Nuclear shelter sales SURGE in Japan as fears grow over North Korea Sarin gas threat


North Korea sarin gas fearsGETTY

Japan is stepping up care measures following sarin gas threats from North Korea

Disquietudes about a possible gas attack in Japan have grown after prime sky pilot Shinzo Abe told a parliamentary session in April that North Korea may set up the capability to deliver missiles equipped with sarin nerve gas.

His note ofs saw a sudden demand for nuclear shelters, with one small company ascertaining the equivalent of a year’s worth of orders in the space of just three weeks.

Multiple projectile tests conducted by North Korea since the start of the year, subsuming the recent launch of an intercontinental ballistic missile, have sparked nervous alarm in Japan, creating a flurry of civil defence activity not noted in the country since World War Two.

At least nine Japanese municipalities have conducted evacuation drills since North Korean ballistic missiles landed in the sea within Japan’s exclusive economic zone in March.

The utmost interest in home shelters also came after the government issued a 30-second tip on primetime television, imploring Japanese citizens to seek shelter in unwavering concrete buildings or flee underground in the event of an attack.

The warning warned those stranded in their homes to hide behind sturdy things, lie face down on the floor and to stay away from windows.

Such opinion has unwittingly caused the entire nation to panic, and seek to create a securely place to flee if North Korea struck.


Kim Jong-un honours the successful launch of an intercontinental ballistic missile

Seiichiro Nishimoto’s protection manufacturing company has seen inquiries rise dramatically since the start of the year.

The Osaka-based unmovable has sold more than a dozen shelters in the past two months – twice as numerous as it used to sell in a whole year.

The 80-year-old businessman said: “Ton of our customers are worried about nuclear fallout from a North Korean raid.

“I think we should have shelters everywhere in Japan. People gripe about the cost, but the smallest ones are no more expensive than a parentage car.”

Mr Nishimoto added he had taken three orders in just the past week, and was in talks with the proprietors of an apartment block to install a communal shelter.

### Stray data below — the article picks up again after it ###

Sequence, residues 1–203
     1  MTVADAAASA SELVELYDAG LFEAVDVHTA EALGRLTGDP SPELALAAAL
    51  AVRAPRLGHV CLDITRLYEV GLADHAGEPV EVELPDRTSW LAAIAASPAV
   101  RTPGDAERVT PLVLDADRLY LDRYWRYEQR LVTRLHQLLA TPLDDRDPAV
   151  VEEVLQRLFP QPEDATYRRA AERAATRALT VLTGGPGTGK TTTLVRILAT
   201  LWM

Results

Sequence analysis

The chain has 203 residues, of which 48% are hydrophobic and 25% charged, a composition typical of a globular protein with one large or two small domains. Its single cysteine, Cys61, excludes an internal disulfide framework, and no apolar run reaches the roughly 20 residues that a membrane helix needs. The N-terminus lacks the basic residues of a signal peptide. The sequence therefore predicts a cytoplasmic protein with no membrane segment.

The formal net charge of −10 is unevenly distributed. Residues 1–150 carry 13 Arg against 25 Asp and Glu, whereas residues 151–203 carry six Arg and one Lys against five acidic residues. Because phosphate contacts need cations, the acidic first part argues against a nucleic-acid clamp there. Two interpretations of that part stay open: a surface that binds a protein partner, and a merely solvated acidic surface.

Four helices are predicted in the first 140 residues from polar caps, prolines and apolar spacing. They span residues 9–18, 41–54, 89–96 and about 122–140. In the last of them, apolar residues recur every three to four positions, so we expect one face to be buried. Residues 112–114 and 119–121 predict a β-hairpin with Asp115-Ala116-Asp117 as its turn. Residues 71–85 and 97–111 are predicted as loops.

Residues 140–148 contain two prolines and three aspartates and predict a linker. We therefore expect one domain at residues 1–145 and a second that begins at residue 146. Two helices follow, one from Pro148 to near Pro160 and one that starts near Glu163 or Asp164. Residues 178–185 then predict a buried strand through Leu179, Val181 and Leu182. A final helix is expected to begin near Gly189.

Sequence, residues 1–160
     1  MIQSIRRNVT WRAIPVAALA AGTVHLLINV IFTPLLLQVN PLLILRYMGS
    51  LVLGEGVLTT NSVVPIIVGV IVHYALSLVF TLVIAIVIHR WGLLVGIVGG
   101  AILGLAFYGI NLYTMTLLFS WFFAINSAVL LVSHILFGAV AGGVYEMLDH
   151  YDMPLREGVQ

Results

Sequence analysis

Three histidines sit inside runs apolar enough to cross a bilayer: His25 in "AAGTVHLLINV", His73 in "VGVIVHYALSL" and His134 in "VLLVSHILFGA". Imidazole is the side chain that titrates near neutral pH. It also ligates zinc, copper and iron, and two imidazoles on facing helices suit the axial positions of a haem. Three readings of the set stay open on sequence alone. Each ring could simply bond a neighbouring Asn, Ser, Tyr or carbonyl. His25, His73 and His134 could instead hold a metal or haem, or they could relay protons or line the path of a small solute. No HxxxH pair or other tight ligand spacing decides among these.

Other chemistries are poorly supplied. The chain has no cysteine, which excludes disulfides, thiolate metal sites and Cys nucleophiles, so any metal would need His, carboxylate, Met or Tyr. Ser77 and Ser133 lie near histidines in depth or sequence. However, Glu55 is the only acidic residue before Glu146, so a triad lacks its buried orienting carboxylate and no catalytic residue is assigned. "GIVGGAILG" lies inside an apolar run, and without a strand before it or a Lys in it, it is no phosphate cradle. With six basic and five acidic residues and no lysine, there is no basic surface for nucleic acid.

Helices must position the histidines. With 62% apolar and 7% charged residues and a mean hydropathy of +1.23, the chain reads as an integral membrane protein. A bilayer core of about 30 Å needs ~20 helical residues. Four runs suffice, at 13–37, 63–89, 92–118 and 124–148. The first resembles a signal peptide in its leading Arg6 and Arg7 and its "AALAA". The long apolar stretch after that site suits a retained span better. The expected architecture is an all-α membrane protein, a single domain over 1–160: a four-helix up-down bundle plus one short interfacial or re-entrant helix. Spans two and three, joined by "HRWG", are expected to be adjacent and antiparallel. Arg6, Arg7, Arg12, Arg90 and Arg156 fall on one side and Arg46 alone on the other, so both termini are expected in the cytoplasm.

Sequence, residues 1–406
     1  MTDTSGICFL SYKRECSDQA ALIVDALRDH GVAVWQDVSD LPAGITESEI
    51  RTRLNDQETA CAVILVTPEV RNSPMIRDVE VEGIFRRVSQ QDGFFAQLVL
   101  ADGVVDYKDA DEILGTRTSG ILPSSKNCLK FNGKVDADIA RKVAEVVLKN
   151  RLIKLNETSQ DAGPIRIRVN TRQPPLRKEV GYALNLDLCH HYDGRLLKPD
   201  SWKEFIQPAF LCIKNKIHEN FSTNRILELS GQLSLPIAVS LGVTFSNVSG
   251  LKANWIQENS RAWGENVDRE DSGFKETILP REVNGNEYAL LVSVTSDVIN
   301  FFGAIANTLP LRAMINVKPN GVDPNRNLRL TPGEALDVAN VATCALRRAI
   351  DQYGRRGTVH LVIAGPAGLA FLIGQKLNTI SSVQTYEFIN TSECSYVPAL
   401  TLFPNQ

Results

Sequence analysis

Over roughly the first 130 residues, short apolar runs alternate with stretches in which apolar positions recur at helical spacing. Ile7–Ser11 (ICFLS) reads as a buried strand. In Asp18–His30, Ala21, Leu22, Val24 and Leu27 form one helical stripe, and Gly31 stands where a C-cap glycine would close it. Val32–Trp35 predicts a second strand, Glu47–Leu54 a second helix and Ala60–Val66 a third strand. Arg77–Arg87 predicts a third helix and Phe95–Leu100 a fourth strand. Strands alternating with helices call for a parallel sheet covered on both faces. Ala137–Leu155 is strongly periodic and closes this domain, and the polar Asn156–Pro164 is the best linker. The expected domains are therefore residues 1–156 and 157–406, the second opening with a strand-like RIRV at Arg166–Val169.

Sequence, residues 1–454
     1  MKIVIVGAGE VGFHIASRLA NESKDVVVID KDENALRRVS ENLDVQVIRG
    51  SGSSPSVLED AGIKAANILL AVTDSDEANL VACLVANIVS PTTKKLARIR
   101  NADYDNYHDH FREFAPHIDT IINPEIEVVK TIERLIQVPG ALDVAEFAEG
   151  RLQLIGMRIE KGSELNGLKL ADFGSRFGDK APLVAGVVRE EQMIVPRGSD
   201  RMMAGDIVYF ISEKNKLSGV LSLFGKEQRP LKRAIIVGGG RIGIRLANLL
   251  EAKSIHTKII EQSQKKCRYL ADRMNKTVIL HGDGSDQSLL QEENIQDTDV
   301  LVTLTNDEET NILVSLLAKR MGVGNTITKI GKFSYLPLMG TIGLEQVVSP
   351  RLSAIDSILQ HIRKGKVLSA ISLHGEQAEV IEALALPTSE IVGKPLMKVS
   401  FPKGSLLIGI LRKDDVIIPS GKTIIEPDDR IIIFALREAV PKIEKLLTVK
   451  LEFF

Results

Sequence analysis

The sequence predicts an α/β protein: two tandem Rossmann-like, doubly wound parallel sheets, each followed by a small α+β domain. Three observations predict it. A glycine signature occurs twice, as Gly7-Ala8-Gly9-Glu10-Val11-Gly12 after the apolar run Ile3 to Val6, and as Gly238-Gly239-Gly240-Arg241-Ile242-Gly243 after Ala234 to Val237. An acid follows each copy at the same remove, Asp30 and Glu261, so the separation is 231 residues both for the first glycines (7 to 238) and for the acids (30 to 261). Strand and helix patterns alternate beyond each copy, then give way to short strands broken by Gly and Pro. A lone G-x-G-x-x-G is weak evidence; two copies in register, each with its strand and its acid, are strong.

Nobuko Oribe, the steersman of Oribe Seiki Seisakusho, said her firm had received twice as assorted orders in April and May than during the whole of 2016.

She added: We went be means of Hiroshima and Nagasaki, and now, 70 years later, people are worried to nuclear attacks again.”


Thousands of North Koreans took on the whole in elaborate celebrations following the Hwasong-14 ICBM launch

The firm, which was bring about by Ms Oribe’s grandfather just after the Cuban missile crisis, come forwards a range of shelters — including one shelter for up to 13 people costing £171,028 — or 25 million Japanese Yen. 

The house has also sold out of its Swiss-made air purifiers, said to keep out radiation and baleful gases.

Critics of Japan’s conservative Prime Minister have accused him of working fears of a North Korean war to justify record defence spending and turn aside focus from controversial plans to revise Japan’s “pacifist” constitution.

Setting aside how, there are those that say the fears aren’t entirely misplaced.

According to Japan’s sway, it would take only 10 minutes for a missile to cover the 995-miles between the North Korean shoot site and a US military facility based on the southern Japanese island of Okinawa.


The Hwasong-14 brickbat was successfully launched by North Korea earlier this month

Yoshihiko Kurotori, a Wakayama neighbourhood who has recently installed a shelter in his own garden, feels that seven decades of peace of mind in Japan has made citizens complacent.

He said: “They think the supervision will take care of everything, and that as long as we have an anti-war constitution that we’ll be champion.

“But just look around … Japan is surrounded but instability, on the Korean peninsula, in the South China Sea.

“I don’t be sure where I’ll be if and when North Korea attacks, and I understand why my neighbours contemplate I’ve gone over the top, but all I want to do is improve my chances of survival. I don’t see anything shameful with that.”

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